Ocado calls on Government to add HGV drivers to skilled shortage list


cado has become the latest supermarket to call on the Government to add HGV drivers to the skilled shortage list to fill the vacancies hitting supply chains across the country.

The online grocer’s finance chief Niall McBride was asked if he agreed with Morrison’s chief executive David Potts, who called for the change, and replied: “I do, yes.”

Ocado chairman and co-founder Tim Steiner added: “Making it easier is the right answer… it’s important to be able to get more people through the process.

“If you could get more people through the process by increasing the number of testers, you could run twice the amount of tests then that could be an alternative solution.

Ocado boss Tim Steiner (Ocado/PA) / PA Media

“What is clear is that there is a shortage and it seems to have been significantly exacerbated by the lack of testing that went on while testing facilities were closed or restricted during the Covid period.

“We wouldn’t want the shortage to be addressed by putting unqualified or dangerous drivers on the road, but we do need as a country to address the shortage.”

The Government previously considered adding HGV drivers to its list of skilled workers to fill the gaps, but the idea was scrapped.

Ministers said they would instead change licensing rules to make it easier to qualify and to increase the amount of hours drivers could work.

The call from Ocado comes as bosses revealed they expect to pay up to £5 million this year in bonuses, increased pay levels and recruitment for drivers and workers.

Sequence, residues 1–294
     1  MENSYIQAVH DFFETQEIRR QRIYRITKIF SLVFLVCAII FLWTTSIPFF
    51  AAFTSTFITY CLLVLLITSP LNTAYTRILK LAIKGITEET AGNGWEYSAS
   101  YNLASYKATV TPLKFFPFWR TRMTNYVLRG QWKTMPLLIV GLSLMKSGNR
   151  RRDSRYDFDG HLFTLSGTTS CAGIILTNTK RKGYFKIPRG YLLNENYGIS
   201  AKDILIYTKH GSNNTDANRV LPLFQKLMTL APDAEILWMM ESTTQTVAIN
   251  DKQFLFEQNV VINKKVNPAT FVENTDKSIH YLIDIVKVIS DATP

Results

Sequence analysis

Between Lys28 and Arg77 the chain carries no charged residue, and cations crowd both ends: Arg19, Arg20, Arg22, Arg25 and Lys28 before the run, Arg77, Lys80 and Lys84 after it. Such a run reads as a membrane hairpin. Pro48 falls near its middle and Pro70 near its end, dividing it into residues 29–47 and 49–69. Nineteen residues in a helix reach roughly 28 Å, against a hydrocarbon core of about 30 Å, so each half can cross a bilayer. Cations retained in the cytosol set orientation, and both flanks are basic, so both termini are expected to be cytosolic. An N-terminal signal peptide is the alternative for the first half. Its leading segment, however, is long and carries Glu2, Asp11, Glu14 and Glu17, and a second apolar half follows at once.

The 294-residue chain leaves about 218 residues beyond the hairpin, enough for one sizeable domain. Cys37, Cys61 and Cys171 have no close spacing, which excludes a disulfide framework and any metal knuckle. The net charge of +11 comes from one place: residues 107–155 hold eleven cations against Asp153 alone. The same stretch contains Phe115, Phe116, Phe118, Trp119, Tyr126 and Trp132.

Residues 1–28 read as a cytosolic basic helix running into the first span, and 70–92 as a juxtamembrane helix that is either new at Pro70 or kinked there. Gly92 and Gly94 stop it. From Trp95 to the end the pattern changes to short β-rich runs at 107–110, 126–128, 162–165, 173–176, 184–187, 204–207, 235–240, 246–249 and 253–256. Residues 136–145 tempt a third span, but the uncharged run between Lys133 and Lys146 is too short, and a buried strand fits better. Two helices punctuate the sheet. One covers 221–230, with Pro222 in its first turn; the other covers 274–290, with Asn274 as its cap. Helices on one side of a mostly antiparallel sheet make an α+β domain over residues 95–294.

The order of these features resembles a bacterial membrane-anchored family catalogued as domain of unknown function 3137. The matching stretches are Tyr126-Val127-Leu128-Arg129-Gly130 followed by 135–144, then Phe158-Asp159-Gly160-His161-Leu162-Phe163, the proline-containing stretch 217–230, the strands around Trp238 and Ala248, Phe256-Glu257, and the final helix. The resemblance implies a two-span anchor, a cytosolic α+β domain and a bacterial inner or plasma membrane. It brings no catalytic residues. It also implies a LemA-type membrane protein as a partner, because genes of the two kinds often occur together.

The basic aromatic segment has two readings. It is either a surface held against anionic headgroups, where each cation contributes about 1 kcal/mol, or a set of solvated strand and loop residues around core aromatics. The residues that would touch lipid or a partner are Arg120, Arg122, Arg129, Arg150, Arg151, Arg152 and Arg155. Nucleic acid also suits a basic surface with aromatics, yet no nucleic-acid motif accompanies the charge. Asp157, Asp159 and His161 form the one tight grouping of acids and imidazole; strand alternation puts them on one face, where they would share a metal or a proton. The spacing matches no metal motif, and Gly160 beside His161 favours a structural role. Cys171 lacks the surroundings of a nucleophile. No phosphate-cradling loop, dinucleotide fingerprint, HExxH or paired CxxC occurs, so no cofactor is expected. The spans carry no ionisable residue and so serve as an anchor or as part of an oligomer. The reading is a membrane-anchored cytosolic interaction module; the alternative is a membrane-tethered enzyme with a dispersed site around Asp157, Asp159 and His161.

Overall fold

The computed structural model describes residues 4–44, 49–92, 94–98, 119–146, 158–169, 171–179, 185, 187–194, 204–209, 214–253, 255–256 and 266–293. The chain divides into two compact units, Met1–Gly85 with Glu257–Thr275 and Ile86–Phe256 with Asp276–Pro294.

They will face a further £10 million hit this year due to a fire at the company’s warehouse in Erith, south-east London, in the summer which led to around 300,000 customer orders worth £35 million being cancelled.

Sales fell 10.6% to £517.5 million in the 13 weeks to August 29, in part due to the fire but also because of strong comparisons last year at the height of the pandemic.

The company said the period should be looked at in two distinct halves and sales were only down 1.8% in the first six weeks – before the fire. The following seven weeks saw sales down 19%.

Ocado’s warehouse in Andover, Hampshire, caught fire in 2019 (Andrew Matthews/PA) / PA Archive

It was the third fire to hit an Ocado warehouse in three years, with its site in Andover Hampshire only recently returning to full operation two years after a blaze.

Despite the falls, Ocado said it signed up 64,000 new customers during the period, with 805,000 in total, and orders per week rose 22%.

However, the average basket size was down 12% to £124 compared with £141 a year ago.

Bosses are confident the company can continue its strong growth, announcing that capacity at its warehouses in Hatfield, Hertfordshire, and Dordon, Warwickshire, has increased, allowing 600,000 orders a week to be completed.

They also announced plans to open two new warehouses in Luton and Bicester, which will allow the company to increase capacity to 700,000 orders per week.

Tim Steiner, chairman of Ocado Retail, said: “Despite the challenges we faced in the period, I am delighted to report that Ocado Retail is performing well, improving the customer experience even further and continuing to grow the business in a post-lockdown environment.”

Evening Standard – Luton